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Scholastic’s Succession Plot Twist

The memory of a Scholastic book fair has a certain nostalgia for Millennials. Maybe it reminds us of a childhood in which we were blissfully unaware of the many technological features of today’s society such as smartphones, mobile apps, and social media, and dial-up internet was only available on the desktop computer in our parents’ basement.

To kids of the 80’s and 90’s, there wasn’t much that matched the excitement of the day that our school libraries and gyms were turned into bookstores that we were free to roam with a few dollars in our pockets to pick out a book of our choosing.

In those days, the tales of Clifford the Big Red Dog and Harry Potter reigned. And now, decades later, the recent real-world events at Scholastic provide a different story.

When Scholastic’s CEO Richardson Robinson Jr. died in June, he apparently shocked his family by giving control of the $1.2 billion company and his personal possessions to Scholastic’s Chief Strategy Officer, with whom he’d had a long-term relationship, rather than to his siblings, children, or ex-wife.

Robinson’s relationship was reportedly an open secret at Scholastic for years, but his family always assumed that his estate, including his controlling share in the company, would be left to them.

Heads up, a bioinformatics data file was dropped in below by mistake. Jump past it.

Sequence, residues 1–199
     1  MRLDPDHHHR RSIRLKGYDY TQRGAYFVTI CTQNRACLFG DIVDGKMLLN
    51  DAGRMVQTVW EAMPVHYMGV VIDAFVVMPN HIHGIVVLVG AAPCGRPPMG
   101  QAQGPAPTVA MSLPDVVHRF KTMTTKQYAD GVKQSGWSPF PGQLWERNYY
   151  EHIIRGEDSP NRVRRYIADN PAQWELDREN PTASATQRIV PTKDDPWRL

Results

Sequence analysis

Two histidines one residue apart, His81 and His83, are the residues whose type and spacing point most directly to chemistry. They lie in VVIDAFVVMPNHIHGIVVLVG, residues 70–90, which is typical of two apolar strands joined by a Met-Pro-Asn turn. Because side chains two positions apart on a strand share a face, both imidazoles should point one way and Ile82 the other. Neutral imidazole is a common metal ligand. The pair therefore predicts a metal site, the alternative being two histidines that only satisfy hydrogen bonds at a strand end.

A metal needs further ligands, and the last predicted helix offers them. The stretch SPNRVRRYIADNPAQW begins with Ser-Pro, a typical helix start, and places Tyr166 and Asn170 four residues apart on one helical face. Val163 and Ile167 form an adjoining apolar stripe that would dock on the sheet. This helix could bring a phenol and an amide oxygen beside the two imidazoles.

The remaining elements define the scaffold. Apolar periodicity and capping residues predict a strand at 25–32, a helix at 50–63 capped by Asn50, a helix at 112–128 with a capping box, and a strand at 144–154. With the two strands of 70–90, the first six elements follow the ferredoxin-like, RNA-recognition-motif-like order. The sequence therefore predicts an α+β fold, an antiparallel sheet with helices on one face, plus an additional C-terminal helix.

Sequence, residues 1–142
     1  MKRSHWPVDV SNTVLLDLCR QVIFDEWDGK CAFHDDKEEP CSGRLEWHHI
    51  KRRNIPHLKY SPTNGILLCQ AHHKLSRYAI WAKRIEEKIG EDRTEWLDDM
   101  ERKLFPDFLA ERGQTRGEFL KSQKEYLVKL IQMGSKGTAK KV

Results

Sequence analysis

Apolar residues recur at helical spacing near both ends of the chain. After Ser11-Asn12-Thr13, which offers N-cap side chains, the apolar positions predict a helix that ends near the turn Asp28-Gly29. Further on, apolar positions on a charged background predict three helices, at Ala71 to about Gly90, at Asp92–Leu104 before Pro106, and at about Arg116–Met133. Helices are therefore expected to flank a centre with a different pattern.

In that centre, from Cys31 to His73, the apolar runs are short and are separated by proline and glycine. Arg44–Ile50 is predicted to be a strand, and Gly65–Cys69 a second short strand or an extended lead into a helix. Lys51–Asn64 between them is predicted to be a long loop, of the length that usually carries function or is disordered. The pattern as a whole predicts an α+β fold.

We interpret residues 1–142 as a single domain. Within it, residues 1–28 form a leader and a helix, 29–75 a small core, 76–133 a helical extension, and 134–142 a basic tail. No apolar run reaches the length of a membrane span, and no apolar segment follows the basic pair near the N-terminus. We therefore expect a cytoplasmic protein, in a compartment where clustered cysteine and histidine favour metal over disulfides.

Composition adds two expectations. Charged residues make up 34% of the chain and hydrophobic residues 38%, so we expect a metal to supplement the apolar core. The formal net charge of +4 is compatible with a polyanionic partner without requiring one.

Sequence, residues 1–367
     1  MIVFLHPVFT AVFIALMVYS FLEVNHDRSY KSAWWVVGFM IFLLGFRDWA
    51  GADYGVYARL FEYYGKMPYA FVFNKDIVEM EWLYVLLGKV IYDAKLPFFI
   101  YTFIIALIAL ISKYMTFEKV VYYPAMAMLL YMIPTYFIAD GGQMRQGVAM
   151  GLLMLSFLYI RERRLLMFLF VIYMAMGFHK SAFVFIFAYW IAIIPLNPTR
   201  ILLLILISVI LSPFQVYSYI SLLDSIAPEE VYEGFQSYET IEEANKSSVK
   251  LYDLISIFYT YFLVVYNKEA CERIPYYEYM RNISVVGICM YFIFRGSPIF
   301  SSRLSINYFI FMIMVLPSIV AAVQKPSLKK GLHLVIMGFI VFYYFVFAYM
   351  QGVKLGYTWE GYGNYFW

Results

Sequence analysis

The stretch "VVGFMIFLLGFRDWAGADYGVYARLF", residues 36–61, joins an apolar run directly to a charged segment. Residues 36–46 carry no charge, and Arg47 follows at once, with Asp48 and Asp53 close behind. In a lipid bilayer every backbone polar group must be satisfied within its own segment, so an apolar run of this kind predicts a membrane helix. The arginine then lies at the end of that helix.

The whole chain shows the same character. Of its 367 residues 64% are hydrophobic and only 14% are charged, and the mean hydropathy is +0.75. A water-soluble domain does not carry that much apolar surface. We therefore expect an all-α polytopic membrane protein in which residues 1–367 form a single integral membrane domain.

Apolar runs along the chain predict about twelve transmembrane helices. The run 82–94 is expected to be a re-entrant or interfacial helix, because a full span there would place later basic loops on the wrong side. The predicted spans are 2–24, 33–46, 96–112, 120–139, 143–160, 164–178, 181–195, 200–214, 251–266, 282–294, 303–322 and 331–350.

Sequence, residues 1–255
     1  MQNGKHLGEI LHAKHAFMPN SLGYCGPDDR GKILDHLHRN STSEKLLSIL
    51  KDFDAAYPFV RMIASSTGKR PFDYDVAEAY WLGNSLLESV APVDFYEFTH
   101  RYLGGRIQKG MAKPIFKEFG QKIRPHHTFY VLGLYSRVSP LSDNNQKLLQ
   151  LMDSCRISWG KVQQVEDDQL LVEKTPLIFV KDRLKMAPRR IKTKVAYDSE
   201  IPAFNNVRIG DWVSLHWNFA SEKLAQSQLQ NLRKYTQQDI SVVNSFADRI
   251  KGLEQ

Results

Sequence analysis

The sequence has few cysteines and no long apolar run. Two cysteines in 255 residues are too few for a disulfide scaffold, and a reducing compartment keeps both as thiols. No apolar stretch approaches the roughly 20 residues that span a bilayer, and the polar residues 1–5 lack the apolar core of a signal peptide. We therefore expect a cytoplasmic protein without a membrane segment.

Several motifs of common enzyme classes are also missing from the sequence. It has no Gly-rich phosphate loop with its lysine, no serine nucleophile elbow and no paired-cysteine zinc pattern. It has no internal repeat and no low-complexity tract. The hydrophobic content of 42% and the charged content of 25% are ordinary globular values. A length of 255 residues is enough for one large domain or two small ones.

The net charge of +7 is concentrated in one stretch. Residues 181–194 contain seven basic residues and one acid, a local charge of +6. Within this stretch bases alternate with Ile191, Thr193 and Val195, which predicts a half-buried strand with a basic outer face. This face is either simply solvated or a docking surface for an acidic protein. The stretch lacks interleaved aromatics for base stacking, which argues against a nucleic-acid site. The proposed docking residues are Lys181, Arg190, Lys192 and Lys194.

Consequently, Robinson’s sons are now “reviewing their legal options” after learning about their father’s will, according to reporting by the Wall Street Journal.

So, what are Robinson’s sons’ options?

While we cannot opine on the applicable succession laws in the United States, if Ontario law applied there would likely be little recourse for Robinson’s sons in seeking to set aside their father’s will based on the facts that have been reported.

Ontario law has an emphasis on testamentary freedom whereby testators can choose how they want to divide their estate.1 Attempts to set aside a will based on a moral obligation owed by parents to independent adult children have been consistently rejected by Ontario courts.2

Rather, in Ontario, a testator’s will may only be set aside on specific grounds, including incapacity, undue influence, or lack of knowledge and approval of the will’s content. There is no indication in the reporting on Robinson that any of these grounds would apply in his case.

As such, while the news of their lack of inheritance from their father’s estate was no doubt a disappointment to Robinson’s sons, it is important to remember that testators in Ontario are entitled to make such decisions if they so choose. Families would be well-served in discussing estate planning matters well before death, rather than leaving their decisions as a surprise, which can create bitterness and family conflict, as appears to have occurred here.

  1.   Spence v. BMO Trust Company, 2016 ONCA 196 at para. 30 (Ont. C.A.).
  2.   Verch v. Weckworth, 2014 CarswellOnt 5660, 2014 ONCA 338 (Ont. C.A.).

Peter Askew was a partner at Wagner Sidlofsky LLP and a member of the firm’s Estate and Commercial Litigation Groups.

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This blog is not intended to serve as a comprehensive treatment of the topic. It is not meant to be legal advice. Every case turns on its specific facts and it would be a mistake for the reader of this blog to conclude how it might impact on the reader’s case. Nothing replaces retaining a qualified, competent lawyer, well versed in this niche area of practice and getting some good legal advice.
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